Karl Schmidt-Rottluff

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This article is about the German painter. For people with the same or similar names, see Carl Schmidt.

Karl Schmidt-Rottluff (1 December 1884 – 10 August 1976) was a German expressionist painter and printmaker, one of the four founder-members of the artist group Die Brücke.

Life and work[edit]

Woman with a Bag by Karl Schmidt-Rottluff (1915)

He was born Karl Schmidt in Rottluff, Saxony, today a district of Chemnitz, and attended the Humanistisches Gynasium in Chemnitz.[1] He began to study architecture in Dresden, but gave up after a term,[1] when he became a founder member of a group of artists known as Die Brücke ("The Bridge"), along with his fellow architecture students Ernst Ludwig Kirchner, Fritz Bleyl and Erich Heckel. The group was founded in Dresden on 7 June 1905, and its first exhibition opened in Leipzig in November of the same year.

In 1906 he added "Rottluff" to his surname. He spent the summer of that year on island of Alsen, in the company of Emil Nolde. From 1907 to 1912 he spent the summers on the coast at Dangast, near Bremen. In December 1911, like the rest of members of Die Brücke he moved from Dresden to Berlin.[1] The group was dissolved in 1913. He served in the army on the eastern front in 1915–18, before returning to Berlin, where he spent the rest of his life, except for a period during the Second World War, when he returned to Rottluff following the destruction of his studio in an air raid.[1]

The honours bestowed on Schmidt-Rottluff after World War I, as Expressionism officially recognized in Germany, were taken away from him after the rise to power of the Nazis. He was expelled from the Prussian Academy of Arts in 1933, two years after his admission.[2] In 1937, 608 of Schmidt-Rottluff's paintings were seized from museums by the Nazis and several of them shown in exhibitions of "degenerate art" ("Entartete Kunst"). By 1941 he had been expelled from the painters guild and forbidden to paint.

After the war, in 1947, Schmidt-Rottluff was appointed professor at the University of Arts in Berlin-Charlottenburg, through which he again exercised an important influence on a new generation of artists. An endowment made by him in 1964 provided the basis for the Brücke Museum in West Berlin, which opened in 1967 as a repository of works by members of the group.[2]

He was a prolific printmaker, with 300 woodcuts, 105 lithographs, 70 etchings, and 78 commercial prints described in Rosa Schapire's Catalogue raisonné.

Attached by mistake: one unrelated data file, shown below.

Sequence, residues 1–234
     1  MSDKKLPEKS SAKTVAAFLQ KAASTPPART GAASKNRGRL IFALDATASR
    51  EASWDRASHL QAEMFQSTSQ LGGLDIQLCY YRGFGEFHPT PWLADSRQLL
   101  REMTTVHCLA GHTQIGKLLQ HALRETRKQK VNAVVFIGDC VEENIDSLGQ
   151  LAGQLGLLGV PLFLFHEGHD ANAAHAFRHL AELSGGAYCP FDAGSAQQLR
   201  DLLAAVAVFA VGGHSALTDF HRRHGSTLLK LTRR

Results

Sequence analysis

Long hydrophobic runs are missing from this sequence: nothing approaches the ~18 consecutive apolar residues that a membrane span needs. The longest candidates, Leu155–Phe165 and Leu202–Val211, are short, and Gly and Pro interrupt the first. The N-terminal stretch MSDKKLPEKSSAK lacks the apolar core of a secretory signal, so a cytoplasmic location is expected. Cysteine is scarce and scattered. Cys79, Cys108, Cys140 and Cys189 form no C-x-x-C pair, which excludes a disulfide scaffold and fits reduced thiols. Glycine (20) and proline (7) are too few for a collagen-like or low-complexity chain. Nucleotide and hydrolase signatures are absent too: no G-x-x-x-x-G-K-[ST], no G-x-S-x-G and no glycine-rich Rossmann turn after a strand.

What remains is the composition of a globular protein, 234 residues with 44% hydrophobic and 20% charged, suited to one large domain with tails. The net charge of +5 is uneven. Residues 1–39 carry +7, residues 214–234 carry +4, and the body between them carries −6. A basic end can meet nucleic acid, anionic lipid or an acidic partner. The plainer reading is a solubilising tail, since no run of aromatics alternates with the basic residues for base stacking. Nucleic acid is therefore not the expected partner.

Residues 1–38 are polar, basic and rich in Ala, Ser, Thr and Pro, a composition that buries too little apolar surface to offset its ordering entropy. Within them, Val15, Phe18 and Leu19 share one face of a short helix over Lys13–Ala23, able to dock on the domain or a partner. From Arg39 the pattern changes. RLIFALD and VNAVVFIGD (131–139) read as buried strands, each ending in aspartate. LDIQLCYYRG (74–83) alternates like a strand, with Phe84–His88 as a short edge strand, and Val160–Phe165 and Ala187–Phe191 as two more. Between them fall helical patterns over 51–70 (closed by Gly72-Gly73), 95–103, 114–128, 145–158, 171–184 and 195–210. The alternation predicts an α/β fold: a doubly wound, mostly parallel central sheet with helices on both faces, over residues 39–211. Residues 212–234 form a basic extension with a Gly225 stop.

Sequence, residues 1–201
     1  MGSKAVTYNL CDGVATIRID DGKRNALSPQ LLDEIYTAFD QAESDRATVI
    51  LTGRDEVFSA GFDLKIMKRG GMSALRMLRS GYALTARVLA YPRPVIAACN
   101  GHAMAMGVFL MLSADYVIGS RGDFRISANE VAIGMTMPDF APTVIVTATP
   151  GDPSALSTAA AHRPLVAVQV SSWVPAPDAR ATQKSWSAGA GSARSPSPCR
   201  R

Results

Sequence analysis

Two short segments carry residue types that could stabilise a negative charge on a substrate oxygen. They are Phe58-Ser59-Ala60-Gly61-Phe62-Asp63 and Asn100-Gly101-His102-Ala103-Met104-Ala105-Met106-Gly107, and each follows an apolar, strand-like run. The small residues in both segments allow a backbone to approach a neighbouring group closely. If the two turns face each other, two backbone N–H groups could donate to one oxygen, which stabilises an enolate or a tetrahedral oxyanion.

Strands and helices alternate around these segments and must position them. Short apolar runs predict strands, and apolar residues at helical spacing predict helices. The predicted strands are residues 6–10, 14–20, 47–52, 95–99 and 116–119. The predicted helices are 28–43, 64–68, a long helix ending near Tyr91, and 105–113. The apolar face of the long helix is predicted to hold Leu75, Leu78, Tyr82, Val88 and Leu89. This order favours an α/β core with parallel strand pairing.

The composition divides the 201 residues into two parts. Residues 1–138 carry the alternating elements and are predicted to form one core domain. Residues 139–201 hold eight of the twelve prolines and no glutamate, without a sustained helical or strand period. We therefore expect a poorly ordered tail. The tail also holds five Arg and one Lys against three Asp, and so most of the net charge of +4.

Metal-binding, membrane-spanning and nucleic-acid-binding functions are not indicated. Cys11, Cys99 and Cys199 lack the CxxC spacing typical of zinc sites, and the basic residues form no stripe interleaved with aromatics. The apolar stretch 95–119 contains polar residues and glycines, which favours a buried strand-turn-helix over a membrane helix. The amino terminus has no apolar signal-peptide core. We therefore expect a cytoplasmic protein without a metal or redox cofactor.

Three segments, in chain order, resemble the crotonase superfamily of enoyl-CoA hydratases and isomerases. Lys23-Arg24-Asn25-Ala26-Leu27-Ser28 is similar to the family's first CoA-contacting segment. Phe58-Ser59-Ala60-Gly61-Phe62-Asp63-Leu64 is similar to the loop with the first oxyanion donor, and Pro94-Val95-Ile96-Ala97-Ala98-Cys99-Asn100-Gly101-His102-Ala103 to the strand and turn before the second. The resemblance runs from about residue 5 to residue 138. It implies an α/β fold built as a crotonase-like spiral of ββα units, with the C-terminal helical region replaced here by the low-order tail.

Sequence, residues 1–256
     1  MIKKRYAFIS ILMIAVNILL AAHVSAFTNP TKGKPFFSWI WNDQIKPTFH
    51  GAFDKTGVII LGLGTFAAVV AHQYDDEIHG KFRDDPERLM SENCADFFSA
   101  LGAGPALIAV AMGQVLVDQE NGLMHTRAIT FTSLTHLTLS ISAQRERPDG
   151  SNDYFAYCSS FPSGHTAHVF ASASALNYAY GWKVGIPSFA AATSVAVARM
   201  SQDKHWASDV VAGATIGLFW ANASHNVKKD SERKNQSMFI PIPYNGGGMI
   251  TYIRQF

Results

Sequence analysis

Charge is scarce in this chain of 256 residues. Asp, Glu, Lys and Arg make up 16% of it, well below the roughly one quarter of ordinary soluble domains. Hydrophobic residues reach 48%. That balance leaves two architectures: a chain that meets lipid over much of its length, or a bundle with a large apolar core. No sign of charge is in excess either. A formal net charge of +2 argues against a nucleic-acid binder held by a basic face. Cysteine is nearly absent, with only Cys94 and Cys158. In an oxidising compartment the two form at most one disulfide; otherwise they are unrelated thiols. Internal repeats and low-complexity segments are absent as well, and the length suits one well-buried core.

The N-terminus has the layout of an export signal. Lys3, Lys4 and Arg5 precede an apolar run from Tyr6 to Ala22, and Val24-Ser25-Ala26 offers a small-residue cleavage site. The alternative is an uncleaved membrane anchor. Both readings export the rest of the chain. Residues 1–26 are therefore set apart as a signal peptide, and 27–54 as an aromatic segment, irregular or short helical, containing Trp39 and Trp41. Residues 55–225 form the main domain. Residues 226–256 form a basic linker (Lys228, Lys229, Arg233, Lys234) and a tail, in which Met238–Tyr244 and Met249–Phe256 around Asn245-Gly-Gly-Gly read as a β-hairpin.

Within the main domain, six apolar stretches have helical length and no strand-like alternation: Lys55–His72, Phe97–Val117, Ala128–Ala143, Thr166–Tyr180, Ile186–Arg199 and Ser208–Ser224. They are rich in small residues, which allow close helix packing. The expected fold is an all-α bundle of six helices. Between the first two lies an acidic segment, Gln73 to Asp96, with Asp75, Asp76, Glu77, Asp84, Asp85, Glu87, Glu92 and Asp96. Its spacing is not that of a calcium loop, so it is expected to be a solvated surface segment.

He died in Berlin in 1976.

Collections[edit]

Schmidt-Rottluff's works are included in the collections of, among others, the Museum of Modern Art, New York; the Neue Galerie, New York; the Los Angeles County Museum of Art. The Museum am Theaterplatz in Chemnitz has a large collection of work from Schmidt-Rottluff.[3]

In 2011, the Neue Nationalgalerie returned two paintings by Schmidt-Rottluff, a 1920 self-portrait and a 1910 landscape titled Farm in Dangast, to the heirs of Robert Graetz, a Berlin businessman who was deported by the Nazis to Poland in 1942. A German government panel, led by former constitutional judge Jutta Limbach, had previously ruled that the loss was almost certainly a result of Nazi persecution and the paintings should be returned.[4] Schmidt Rottluff's esteemed Self Portrait with Monocle is now currently in the Staatliche Museum.

Art market[edit]

In 1997, £925,500 was paid for Schmidt-Rottluff's Dangaster Park (1910) at Sotheby's in London..[5] At a 2001 Phillips de Pury auction, British art dealer James Roundell bought Schmidt-Rottluff's The Reader (1911) for $3.9 million.[6] The top price ever paid at auction for a work by Schmidt-Rottluff was almost $6 million for Akte im Freien – Drei badende Frauen (Outdoor Nudes – Three Bathing Women) (1913) at Christie’s in London in 2008.[7]

See also[edit]

Notes and references[edit]

  1. ^ a b c d Carey, Frances; Griffiths, Anthony (1984). "Karl Schmidt-Rottluff". The Print in Germany 1880–1933. London: British Museum Publications. p. 123. ISBN 0-7141-1621-1. 
  2. ^ a b Karl Schmidt-Rottluff Museum of Modern Art, New York.
  3. ^ Elizabeth Zach (July 27, 2012), In Germany, an Unlikely Art Hub Honed by Enthusiasm New York Times.
  4. ^ Catherine Hickley (November 18, 2011), Berlin Will Return Paintings to Auschwitz Victim’s Heir Bloomberg.
  5. ^ Souren Melikian (October 25, 1997), Great Substitution Game Generates High Stakes and Huge Profits International Herald Tribune.
  6. ^ Carol Vogel (November 6, 2001), First Art Auction of Season Indicates a Healthy Market New York Times.
  7. ^ Catherine Hickley (November 18, 2011), Berlin Will Return Paintings to Auschwitz Victim’s Heir Bloomberg.

External links[edit]